First, although the procedure in Rule 11 has not been held to be constitutionally mandated, it is designed to assist the district judge in making the constitutionally required determination that a defendant's guilty plea is truly voluntary. Second, the Rule is intended to produce a complete record at the time the plea is entered of the factors relevant to this voluntariness determination.
McCarthy v. United States, 394 U.S. 459, 465, 89 S. Ct. 1166, 1170, 22 L. Ed. 2d 418 (1969) (footnotes omitted).
When an appellant claims that a district court failed to comply with Rule 11, we apply a two-question harmless error analysis: (1) Did the sentencing court in fact vary from the procedures required by Rule 11, and (2) if so, did such variance affect substantial rights of the defendant.2 See United States v. Still, 102 F.3d 118, 122 (5th Cir. 1996), cert. denied, --- U.S. ----, 118 S. Ct. 43, 139 L. Ed. 2d 10 (1997); United States v. Johnson, 1 F.3d 296, 298 (5th Cir. 1993) (en banc); Fed. R. Crim. P. 11(h). Thus, we must decide what procedures were required by Rule 11 in this case.
Reyna contends that the district court failed to inform him of the "nature of the charge" because he was not told that section 5861(d) requires that a defendant know the characteristics of his sawed-off shotgun that bring it within the statutory definition of firearm. Cf. Staples v. United States, 511 U.S. 600, 114 S. Ct. 1793, 128 L. Ed. 2d 608 (1994) (holding that Congress did not intend to eliminate traditional mens rea element for violations of section 5861(d) when defendant possessed a machinegun). Whether or not section 5861(d) has such a mens rea element for sawed-off shotguns is a question of first impression in this Court.
Section 5861(d) makes it unlawful:
[T]o receive or possess a firearm which is not registered ... in the National Firearms Registration and Transfer Record.
29 U.S.C. § 5861(d). Congress did not, however, extend this provision to all "firearms" as that term is commonly understood, nor to all "sawed-off shotguns." 26 U.S.C. § 5845(a)-(f); see also United States v. Barr, 32 F.3d 1320, 1323 n. 4 (8th Cir. 1994) ("Many weapons commonly thought of as firearms are not included in the definition of 'firearm' under the Act."). Instead, the statutory definition of "firearm" is limited to specific types of weapons with specific characteristics, including:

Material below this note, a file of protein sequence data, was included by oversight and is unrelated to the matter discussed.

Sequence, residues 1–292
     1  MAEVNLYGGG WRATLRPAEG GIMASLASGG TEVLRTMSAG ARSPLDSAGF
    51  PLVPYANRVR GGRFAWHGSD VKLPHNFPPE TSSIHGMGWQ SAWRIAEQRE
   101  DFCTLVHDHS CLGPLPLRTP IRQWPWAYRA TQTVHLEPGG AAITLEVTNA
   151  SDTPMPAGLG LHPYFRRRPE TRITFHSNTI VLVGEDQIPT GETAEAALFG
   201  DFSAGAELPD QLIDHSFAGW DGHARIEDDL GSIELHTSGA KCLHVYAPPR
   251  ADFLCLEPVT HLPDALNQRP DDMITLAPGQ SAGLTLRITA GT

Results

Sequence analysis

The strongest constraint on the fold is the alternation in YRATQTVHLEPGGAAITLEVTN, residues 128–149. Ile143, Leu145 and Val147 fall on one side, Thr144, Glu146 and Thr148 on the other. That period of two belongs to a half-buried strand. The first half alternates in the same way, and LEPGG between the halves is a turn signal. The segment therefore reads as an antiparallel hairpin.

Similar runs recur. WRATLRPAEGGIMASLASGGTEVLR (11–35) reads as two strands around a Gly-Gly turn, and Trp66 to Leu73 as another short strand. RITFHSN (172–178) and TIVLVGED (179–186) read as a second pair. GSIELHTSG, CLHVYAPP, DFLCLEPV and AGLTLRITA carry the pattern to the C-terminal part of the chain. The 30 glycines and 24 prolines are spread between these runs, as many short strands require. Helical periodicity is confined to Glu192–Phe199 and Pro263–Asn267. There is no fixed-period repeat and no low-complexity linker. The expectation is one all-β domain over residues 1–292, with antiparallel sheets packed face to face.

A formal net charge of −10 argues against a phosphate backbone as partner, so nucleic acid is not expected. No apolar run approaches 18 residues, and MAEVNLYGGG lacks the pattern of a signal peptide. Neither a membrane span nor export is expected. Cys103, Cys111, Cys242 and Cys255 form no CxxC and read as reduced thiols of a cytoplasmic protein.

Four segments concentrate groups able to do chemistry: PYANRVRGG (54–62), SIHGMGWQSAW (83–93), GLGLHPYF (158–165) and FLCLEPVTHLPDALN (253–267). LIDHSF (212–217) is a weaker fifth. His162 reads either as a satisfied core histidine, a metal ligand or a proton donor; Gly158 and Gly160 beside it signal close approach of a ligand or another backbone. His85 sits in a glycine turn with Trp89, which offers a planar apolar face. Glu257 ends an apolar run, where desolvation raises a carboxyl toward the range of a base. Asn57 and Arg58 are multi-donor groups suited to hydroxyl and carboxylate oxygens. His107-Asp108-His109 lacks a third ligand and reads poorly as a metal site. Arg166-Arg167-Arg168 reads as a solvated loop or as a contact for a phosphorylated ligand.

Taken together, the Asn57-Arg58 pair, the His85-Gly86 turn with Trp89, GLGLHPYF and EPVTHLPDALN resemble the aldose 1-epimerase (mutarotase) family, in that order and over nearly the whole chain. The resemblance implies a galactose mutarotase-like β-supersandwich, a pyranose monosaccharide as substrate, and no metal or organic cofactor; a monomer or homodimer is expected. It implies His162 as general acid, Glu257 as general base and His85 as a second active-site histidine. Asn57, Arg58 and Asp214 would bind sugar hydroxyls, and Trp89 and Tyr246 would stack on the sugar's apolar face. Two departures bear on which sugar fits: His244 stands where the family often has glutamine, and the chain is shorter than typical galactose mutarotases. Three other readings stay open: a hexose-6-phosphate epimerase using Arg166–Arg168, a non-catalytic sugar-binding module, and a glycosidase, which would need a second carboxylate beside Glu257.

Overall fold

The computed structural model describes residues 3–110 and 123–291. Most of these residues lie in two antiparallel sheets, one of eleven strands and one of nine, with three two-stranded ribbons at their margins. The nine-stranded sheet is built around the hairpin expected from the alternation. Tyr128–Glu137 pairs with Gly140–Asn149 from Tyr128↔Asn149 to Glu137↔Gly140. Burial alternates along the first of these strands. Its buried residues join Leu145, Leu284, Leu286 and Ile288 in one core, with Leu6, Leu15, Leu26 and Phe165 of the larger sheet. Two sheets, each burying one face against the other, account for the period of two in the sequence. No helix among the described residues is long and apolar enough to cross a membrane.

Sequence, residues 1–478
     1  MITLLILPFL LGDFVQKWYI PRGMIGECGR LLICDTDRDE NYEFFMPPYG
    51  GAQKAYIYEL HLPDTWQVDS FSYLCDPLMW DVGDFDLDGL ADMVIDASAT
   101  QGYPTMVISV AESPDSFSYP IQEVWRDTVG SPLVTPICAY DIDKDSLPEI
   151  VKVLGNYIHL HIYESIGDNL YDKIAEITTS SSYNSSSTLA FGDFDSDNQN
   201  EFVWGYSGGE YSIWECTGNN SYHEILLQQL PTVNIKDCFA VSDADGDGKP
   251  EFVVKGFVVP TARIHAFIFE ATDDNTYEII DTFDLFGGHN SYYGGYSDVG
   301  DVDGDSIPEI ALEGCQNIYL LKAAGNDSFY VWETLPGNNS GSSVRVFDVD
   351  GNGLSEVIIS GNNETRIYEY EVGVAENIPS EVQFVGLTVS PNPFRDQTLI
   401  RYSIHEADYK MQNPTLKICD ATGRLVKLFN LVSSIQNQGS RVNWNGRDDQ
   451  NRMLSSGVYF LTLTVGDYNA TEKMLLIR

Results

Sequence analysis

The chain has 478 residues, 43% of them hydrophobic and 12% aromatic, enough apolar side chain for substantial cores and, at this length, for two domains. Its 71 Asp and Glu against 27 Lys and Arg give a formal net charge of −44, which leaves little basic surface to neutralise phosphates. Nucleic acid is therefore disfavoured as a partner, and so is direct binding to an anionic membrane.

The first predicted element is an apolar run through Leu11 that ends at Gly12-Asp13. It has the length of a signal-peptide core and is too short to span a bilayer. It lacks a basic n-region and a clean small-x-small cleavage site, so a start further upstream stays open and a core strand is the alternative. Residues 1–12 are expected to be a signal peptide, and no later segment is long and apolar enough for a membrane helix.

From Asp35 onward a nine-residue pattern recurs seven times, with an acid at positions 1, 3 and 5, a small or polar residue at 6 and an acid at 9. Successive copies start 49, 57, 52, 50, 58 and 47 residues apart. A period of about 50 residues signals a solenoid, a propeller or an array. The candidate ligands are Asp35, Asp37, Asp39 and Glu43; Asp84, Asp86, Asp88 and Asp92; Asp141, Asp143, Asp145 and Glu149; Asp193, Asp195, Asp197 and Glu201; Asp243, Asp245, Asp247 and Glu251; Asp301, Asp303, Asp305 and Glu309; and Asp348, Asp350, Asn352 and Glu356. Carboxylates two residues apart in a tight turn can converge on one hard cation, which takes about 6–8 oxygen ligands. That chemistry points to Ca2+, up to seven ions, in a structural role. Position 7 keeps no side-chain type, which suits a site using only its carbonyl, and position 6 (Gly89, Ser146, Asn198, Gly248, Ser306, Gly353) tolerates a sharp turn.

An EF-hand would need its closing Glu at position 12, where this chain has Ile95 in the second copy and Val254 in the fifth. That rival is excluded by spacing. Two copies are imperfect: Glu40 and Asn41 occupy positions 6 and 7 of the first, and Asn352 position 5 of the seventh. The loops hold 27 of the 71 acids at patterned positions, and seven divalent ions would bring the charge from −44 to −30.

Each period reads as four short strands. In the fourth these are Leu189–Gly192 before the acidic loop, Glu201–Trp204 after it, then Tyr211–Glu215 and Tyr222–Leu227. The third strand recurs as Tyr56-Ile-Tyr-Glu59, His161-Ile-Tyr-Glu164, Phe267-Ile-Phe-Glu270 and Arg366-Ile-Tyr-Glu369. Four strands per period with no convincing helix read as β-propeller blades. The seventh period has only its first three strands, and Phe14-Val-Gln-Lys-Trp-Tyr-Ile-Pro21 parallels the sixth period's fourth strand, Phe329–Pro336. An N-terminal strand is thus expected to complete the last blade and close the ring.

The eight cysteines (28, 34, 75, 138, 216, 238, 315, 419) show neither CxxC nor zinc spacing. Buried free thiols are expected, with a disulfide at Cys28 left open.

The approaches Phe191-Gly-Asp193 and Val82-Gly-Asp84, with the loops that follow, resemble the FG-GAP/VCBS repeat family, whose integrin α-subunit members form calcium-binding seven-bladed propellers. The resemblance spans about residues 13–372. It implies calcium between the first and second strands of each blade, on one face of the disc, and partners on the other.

(1) a shotgun having a barrel or barrels of less than 18 inches in length; (2) a weapon made from a shotgun if such a weapon as modified has an overall length of less than 26 inches or a barrel or barrels of less than 18 inches in length; ...
26 U.S.C. § 5845(a). Although section 5861(d) is silent concerning the mens rea required for a violation, the Supreme Court held in Staples that section 5861(d) requires proof that a defendant know the characteristics of his machinegun that make it a "firearm" under the statute. Staples, 511 U.S. at 604, 619, 114 S. Ct. at 1796, 1804.
We believe that the Supreme Court's decision in Staples constrains our decision on the relevant mens rea required for violations of section 5861(d).3 Thus, we must confront directly the question of whether the knowledge requirement implied by the Court in Staples is limited to the facts of that case, where the defendant possessed a semiautomatic rifle that had been converted into a machine gun, or whether section 5861(d) also requires that a defendant in possession of a sawed-off shotgun know the characteristics of the shotgun that bring it within the statute. Cf. Staples, 511 U.S. at 609, 114 S. Ct. at 1799 (" [T]he very question to be decided is whether the defendant must know of the particular characteristics that make his weapon a statutory firearm.").
Six of the seven circuits that have addressed this issue for sawed-off shotguns have held that section 5861(d) does require proof that a defendant know the characteristics of his sawed-off shotgun that bring it within the Act. See United States v. Edwards, 90 F.3d 199, 203-04 (7th Cir. 1996) United States v. Dewalt, 92 F.3d 1209, 1212 (D.C. Cir. 1996) (government conceding the issue); United States v. Keen, 104 F.3d 1111, 1117-18 (9th Cir. 1996) (same); United States v. Mains, 33 F.3d 1222, 1229 (10th Cir. 1994) United States v. Starkes, 32 F.3d 100, 101 (4th Cir. 1994) United States v. Owens, 103 F.3d 953, 956 (11th Cir.) (holding same for rifle with barrel less than 16 inches), cert. denied, --- U.S. ----, 118 S. Ct. 44, 139 L. Ed. 2d 11 (1997)
One circuit has disagreed, holding that the government need only prove that the defendant possessed the sawed-off shotgun and actually observed it. United States v. Barr, 32 F.3d 1320, 1324 (8th Cir. 1994). In Barr, the Eighth Circuit rejected the argument that a defendant has to know the length of the sawed-off shotgun or its barrel and held that the "quasi-suspect" nature of the sawed-off shotgun and simple observation of the weapon was sufficient to support a conviction under section 5861(d). Barr, 32 F.3d at 1324. In holding that Staples did not apply to sawed-off shotguns, the court quoted the following passage from the Supreme Court's decision in Staples:
Of course, we might surely classify certain categories of guns--no doubt including the machineguns, sawed-off shotguns, and artillery pieces that Congress has subjected to regulation--as items the ownership of which would have the same quasi-suspect character we attributed to owning hand grenades in Freed.